It is so important to create an engaging and colorful learning environment for students of all ages. It is definitely worth the time you put in. So don’t wait until September!
Need some more classroom management ideas to chew on while you’re basking in the summer sun? Download our free guide to get you thinking creatively about how to make the most of your class time to reach every single student, every single day!
If you have ever instructed a child to read, chances are your methods have been influenced in one way or another by researcher, author Tim Rasinski, Ph.D., a literacy education professor at Kent State University and leading expert in reading education. He has published a variety of valuable materials for elementary and middle grades on reading fluency, word study, and reaching struggling readers. Dr. Rasinski has edited and co-authored a variety of texts and curriculum programs centered on reading education. Throughout his prolific career, he has authored over 150 articles in an array of publications. He is a guru you should get to know!
Dr. Tim Rasinski's work is focused on several key areas:
- Reading Fluency There is a plethora of research explaining the connection between reading fluency and proficiency in reading comprehension. Rasinski's work aims to inform teachers about the effects of fluency instruction on students at all grade levels, not just in the early elementary years. He encourages teachers to model fluent reading for students, expect students to practice the repeated reading of specific passages, and provide embedded fluency support in students' independent reading. His work also supports teachers in determining and acquiring appropriate instructional materials for fluency practice such as scripts, poems, passages, and leveled texts.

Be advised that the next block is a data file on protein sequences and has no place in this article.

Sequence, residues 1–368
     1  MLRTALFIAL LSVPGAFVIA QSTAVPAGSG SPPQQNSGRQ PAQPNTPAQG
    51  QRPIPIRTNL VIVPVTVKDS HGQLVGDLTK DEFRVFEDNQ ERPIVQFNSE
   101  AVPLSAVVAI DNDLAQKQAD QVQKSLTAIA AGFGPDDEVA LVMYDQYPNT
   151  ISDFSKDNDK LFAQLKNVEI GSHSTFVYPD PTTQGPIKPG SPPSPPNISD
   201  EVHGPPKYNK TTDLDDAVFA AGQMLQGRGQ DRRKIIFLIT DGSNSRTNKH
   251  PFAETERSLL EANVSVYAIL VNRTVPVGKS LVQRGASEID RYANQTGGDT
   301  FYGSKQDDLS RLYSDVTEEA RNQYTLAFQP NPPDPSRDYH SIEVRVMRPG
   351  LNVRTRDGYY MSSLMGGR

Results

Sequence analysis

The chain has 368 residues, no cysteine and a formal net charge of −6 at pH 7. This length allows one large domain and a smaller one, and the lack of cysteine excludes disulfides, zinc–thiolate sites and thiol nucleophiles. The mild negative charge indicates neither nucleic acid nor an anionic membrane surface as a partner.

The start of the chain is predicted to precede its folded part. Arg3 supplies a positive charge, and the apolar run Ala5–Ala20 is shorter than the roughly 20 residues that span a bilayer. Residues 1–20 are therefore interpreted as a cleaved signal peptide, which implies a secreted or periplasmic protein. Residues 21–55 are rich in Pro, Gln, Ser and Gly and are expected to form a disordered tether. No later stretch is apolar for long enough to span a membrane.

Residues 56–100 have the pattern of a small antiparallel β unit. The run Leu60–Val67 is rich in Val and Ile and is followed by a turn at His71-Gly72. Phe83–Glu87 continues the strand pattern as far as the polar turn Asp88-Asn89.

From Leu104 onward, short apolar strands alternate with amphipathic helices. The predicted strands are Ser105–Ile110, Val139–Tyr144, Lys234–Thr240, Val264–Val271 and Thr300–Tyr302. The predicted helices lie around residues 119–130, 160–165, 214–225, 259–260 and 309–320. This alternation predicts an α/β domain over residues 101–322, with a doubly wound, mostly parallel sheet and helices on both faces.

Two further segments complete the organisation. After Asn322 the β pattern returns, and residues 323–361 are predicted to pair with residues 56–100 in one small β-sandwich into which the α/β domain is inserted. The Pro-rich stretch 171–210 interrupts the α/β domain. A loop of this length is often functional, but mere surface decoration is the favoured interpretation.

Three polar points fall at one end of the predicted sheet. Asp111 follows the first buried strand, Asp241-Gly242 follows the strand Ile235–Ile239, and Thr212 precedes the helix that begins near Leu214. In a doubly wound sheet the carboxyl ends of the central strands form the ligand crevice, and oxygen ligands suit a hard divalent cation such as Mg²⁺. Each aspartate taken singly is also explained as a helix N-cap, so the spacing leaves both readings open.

- Vocabulary and Word Study Vocabulary development is one of the five core principles of quality reading instruction, yet teachers often struggle with finding engaging and effective ways to teach vocabulary. Rasinski's work helps teachers ensure that students acquire a vocabulary that will support their reading development and overall comprehension. He encourages teachers to employ both direct and indirect instruction to teach new vocabulary. Engaging direct instruction techniques include categorizing and classifying, concept maps, word derivations and histories, and cloze (fill-in-the-blank) activities.
- Reaching Struggling Readers Rasinski's work into understanding the struggling reader can help teachers analyze a student's reading behaviors and identify appropriate instructional methods for areas of need. He helps teachers focus on the “big picture of reading instruction” while understanding specific instructional strategies for improved word recognition, vocabulary, reading fluency, and comprehension.
There are a variety of resources available for teachers to learn more about Tim Rasinski's work in reading education including, but certainly not limited to:
Dr. Rasinski began his career as an elementary and middle school classroom and Title I teacher. He has served as president of the College Reading Association as well as on the Board of Directors of the International Reading Association. He was elected to the International Reading Hall of Fame in 2010.